himself

Himself by Jess Kidd

I've been feeling particularly stingy with my five-star reviews these last few months. Though I've always tried to not throw them out there with too much ease, restricting them only to the books that really affect me for some reason or another (sometimes very different reasons for books that exist within that same bracket), I felt that perhaps I'd been too free with them over the last year or so and have been trying to reign them in a bit.

However, ever since I posted my review on Saunders' Lincoln in the Bardo, I've realized that perhaps I've overcorrected. On my original review, I gave Lincoln four stars but have since been thinking about it pretty much every day, forcing myself to acknowledge that it really is a five star book for me (and I've since corrected that). 

When I started assessing about halfway through Himself how many stars I might give it (as I always do, being a consummate goodreads reader), I wondered about the five stars yet again. Too generous? Really, with a debut novel? Really, when I just admitted that the SAUNDERS is a five star?

But damn it, Kidd just absolutely convinced me. I found this novel to just be fucking amazing. It opens in 1976 rural Ireland. It's impossible to categorize it simply as magical realism or as a strict fantasy. It's not a fantasy in the traditional fantasy sense but the level of magical in the magical realism does catapult it out of that tidy category. It's also a mystery, by the way.

Mahony is an orphan in his early twenties who returns to the tiny village to discover what happened to his mother there, in the 1950s. The dark humor, searing wittiness, and incredible descriptions are in themselves certainly strong enough to carry the book, but Kidd then adds that Mahony is constantly (constantly) seeing the dead everywhere he goes and doing his best not to interact with them as frequently as he would the living (and mostly deceptive people) around him. 

I imagine (and have seen a couple of reviews out there), that the level of magical realism and/or the highly descriptive language will be too much for some readers. I, however, loved every line. 

"Last Thursday, Father Gerard McNamara walked into the Bridge Tavern with a black leather folio in his hand and an envelope inside the folio. He was seeking one of St. Anthony's most notorious alumni and had started by visiting the bars within a one-mile radius of the orphanage. For Father McNamara was heeding the advice of the local guards along with the principle that a rotten apple doesn't fall far from the tree; it usually festers right next to it."

"Mrs. Cauley had paid very well for many years, keeping a roof in Rathmore House, a fire in the hearth, and glass in some of the windows. Mrs. Cauley had even stayed after the standards dropped when Shauna's mammy ran off to England with a guest, leaving Shauna's daddy hermited with grief in his workshop, reading about fairies and talking to himself in a Protestant accent."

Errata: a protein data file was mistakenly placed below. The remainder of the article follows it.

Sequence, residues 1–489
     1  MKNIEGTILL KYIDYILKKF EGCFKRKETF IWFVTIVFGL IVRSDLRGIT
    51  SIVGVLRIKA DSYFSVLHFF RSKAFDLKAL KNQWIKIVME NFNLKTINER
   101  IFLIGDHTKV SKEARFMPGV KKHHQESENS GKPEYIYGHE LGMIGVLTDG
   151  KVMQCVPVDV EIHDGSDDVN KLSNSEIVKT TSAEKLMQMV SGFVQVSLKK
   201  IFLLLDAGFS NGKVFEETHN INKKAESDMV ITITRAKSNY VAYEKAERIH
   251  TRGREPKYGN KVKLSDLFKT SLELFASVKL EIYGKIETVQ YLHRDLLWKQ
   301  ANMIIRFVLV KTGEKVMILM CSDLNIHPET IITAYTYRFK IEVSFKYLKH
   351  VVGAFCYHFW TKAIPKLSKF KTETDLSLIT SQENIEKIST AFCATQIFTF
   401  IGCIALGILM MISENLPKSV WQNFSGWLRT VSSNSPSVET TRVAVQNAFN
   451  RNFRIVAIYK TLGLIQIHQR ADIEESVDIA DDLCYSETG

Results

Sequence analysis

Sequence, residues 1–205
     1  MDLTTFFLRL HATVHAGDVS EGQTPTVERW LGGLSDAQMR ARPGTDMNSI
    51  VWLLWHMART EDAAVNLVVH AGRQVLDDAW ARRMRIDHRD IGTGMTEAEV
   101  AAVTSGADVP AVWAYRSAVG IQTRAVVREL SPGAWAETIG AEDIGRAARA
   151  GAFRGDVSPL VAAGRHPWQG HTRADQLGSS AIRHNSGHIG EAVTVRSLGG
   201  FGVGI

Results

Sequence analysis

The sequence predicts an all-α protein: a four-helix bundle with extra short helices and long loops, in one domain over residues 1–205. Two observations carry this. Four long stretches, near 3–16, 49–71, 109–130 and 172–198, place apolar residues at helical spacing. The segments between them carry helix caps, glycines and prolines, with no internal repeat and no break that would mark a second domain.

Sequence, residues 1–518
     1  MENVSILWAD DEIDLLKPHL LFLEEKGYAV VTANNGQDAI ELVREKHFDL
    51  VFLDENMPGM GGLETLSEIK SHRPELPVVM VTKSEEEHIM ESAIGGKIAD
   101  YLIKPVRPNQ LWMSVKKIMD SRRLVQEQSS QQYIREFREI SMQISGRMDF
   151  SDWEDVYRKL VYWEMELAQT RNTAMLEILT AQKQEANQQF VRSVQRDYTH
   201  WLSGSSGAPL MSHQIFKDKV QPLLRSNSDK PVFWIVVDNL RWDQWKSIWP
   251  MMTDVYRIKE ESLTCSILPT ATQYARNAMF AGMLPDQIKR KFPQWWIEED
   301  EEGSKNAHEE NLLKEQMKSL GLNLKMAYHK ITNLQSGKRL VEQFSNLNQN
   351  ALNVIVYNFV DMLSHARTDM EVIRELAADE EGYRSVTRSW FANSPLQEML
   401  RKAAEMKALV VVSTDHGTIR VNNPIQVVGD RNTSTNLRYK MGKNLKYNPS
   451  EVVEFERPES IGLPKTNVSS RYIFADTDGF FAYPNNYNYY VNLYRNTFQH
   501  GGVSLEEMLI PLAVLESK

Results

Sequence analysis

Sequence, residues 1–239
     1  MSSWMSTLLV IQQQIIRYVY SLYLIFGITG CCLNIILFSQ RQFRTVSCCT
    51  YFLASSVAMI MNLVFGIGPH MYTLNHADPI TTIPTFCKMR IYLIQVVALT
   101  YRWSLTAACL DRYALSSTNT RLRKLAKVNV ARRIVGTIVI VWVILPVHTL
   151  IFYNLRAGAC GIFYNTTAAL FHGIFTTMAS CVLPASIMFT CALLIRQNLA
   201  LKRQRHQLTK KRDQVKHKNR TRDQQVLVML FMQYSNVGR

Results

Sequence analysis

"With great effort, she stands and Mahony sees how small she is, not quite five feet tall and the weight of dry hide and honeycomb bone alone."

"The night air stalks into the room and starts to tease the dust along the skirting boards."

"Mahony shrugs. How can he explain? How can he explain to Mrs. Cauley that Father Jim is just a vague copy of his former living self? That just like any other dead person, his mind, if you can call it a mind, has ceased to exist. For the dead don't change or grow. They're just echoes of the stories of their own lives sung back in the wrong order: arsewards. They're the pattern on closed eyelids after you turn away from a bright object. They're twice-exposed film. They're not really here, so cause and effect mean nothing to them."

"The wind is still and the storm has passed and Father Quinn is up with the surviving larks before the town is even awake enough to find its bollocks, let alone scratch them."

"At twenty minutes past eleven, refusing a package of sandwiches and a flask of tea from Shauna, Mahony exits the west-facing door of the village hall. He takes the back road to Kerrigan's bar and sees no one. He enters the saloon door at twenty-four minutes past eleven. Tadhg is stacking bottles of lemonade behind the bar. Mahony asks the crack of Tadhg's arse if he can have a lend of the car. The crack says he can of course but it's full of chickens. Mahony thanks the crack and runs out of the back door."

Man, there's so many lines I want to share! Speaking of which, please note that I was given an advance copy by Atria (an imprint of Simon & Schuster) for review and it doesn't come out until next Tuesday, the 14th, so there's always a possibility of the final print being different than some of the lines I've shared here. But I just find the writing so lyrical and compelling and funny that I can't help myself. 

By the way, Chapter 44, while I was finishing last night, just about did my head (and heart) in. Devastating. Gorgeous. It'll stick with me for a very, very long time. 

Highly recommended. Kidd has instantly become an author for whom I will auto-buy.